Aussies refuse to flood-proof homes: report

By Mischa Vickas 1 March 2013
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Australians aren’t learning lessons from recent flood disasters, a new report claims.

THE IMPACT OF FLOODS is better understood since the 2010-11 floods across eastern Australia, but still people are not adapting their homes against the next event, a recent report claims.

The National Climate Change Adaptation Research Facility (NCCARF) recently released a report assessing responses to the 2010-11 floods, which caused $2.5 billion in insured losses, inundated over 30,000 properties and saw 35 lives lost.

Predicting flood damage

Dr Matthew Mason, a research engineer at Macquarie University, Sydney, has developed a new computer model recognised by NCCARF, that predicts financial losses and home displacement as a result of floods.

Matthew says the program can be used “in any scenario” to quickly predict and assess potential flood damage.

See images of the 2010-11 floods

The leader of the report by NCCARF, Dr Deanne Bird, says that although the impact of floods can be predicted more effectively, this information is not always understood by the people most at risk.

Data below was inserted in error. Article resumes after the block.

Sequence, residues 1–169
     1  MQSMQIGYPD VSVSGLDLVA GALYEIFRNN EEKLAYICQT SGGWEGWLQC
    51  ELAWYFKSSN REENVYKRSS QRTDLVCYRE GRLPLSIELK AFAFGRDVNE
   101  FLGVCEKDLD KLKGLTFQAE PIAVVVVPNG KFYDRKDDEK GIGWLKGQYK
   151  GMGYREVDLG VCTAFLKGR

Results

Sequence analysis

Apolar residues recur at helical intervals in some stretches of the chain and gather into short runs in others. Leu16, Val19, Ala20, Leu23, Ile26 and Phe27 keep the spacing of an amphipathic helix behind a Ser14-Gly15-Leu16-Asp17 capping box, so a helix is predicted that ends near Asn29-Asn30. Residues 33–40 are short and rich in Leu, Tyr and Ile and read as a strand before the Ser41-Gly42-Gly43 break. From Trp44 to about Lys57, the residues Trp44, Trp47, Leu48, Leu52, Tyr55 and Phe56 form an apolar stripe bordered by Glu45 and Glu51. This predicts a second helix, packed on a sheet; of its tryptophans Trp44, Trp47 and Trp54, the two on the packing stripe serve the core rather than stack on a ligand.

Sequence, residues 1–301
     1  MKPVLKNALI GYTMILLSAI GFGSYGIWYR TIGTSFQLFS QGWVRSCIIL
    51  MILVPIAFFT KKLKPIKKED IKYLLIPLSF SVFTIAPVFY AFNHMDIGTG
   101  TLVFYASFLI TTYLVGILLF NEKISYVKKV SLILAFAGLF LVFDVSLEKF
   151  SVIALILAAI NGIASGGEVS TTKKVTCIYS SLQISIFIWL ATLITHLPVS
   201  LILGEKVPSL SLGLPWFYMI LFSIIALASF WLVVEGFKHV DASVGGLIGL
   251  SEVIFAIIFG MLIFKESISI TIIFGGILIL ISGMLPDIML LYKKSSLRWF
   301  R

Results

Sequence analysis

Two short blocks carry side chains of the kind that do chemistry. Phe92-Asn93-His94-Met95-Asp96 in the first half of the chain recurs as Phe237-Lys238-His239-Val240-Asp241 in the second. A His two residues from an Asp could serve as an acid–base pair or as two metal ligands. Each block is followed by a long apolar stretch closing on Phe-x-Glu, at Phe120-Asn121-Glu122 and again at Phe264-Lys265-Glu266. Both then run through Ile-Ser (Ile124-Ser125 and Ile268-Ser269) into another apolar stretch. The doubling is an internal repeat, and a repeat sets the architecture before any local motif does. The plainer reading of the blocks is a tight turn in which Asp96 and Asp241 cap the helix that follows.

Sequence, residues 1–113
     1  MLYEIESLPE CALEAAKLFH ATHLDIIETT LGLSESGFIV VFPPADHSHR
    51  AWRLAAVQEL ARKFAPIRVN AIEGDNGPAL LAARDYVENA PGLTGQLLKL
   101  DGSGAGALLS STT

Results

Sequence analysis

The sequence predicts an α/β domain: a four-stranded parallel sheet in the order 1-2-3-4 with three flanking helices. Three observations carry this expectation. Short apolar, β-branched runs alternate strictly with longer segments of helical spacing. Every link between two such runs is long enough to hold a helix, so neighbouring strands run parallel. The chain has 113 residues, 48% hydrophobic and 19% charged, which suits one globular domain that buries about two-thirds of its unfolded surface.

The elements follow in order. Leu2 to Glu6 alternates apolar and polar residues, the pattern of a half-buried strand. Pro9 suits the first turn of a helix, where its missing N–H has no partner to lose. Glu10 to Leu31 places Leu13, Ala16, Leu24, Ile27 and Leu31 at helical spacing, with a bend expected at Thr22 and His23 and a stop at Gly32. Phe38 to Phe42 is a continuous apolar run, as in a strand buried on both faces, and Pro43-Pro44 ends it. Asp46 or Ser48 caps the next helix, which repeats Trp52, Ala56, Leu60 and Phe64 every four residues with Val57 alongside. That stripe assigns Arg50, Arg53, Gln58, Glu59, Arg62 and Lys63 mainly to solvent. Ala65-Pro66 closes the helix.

Many of the people interviewed for the report, says Deanne, “were aware of the future vulnerability to floods but many just weren’t taking changes to reduce their risk.”

One reason that could explain this is the large cost of flood-proofing homes compared to insuring them.

Matthew agrees, pointing out that building guidelines in flood-prone areas are mostly voluntary, and are not always adhered to. “If you’re not forced to do it, most people tend not to,” he says.

Residents don’t receive adequate flood warning

Deanne says the communication of information was inconsistent across flood-affected regions during 2010-11.

Residents of Emerald, Queensland, for example, were well-prepared thanks to extra flood monitoring systems installed following the 2008 floods. However, in other areas, such as Donald, Victoria, information was harder to come by.

Greg Nunn, chairman of the Donald Community Flood Recovery Committee, says there were hardly any police, fire brigade or local council representatives when the flood reached the town of Donald, 280km north-west of Melbourne.

“It was on the news up in Queensland and New South Wales that Donald was being evacuated and we knew nothing of it,” says Greg.

See images of the 2010-11 floods

How to flood-proof a house

Matthew Mawson had these tips for flood-proofing a house:

Dry flood-proofing: keep water out of the house using floodgates – removable barriers that create a seal around the base of doors and vents in brickwork

Wet flood-proofing: in severe floods, walls can be damaged if water builds up against them; wet flood-proofing involves letting water in and out as easily as possible using tiled floors and water-resistant plaster boards

Electrical appliances: Have electrical appliances that can be easily lifted to higher locations, or keep them in high locations in the first place, e.g. a front-loading washing machine on a shelf instead of a top-loader on the ground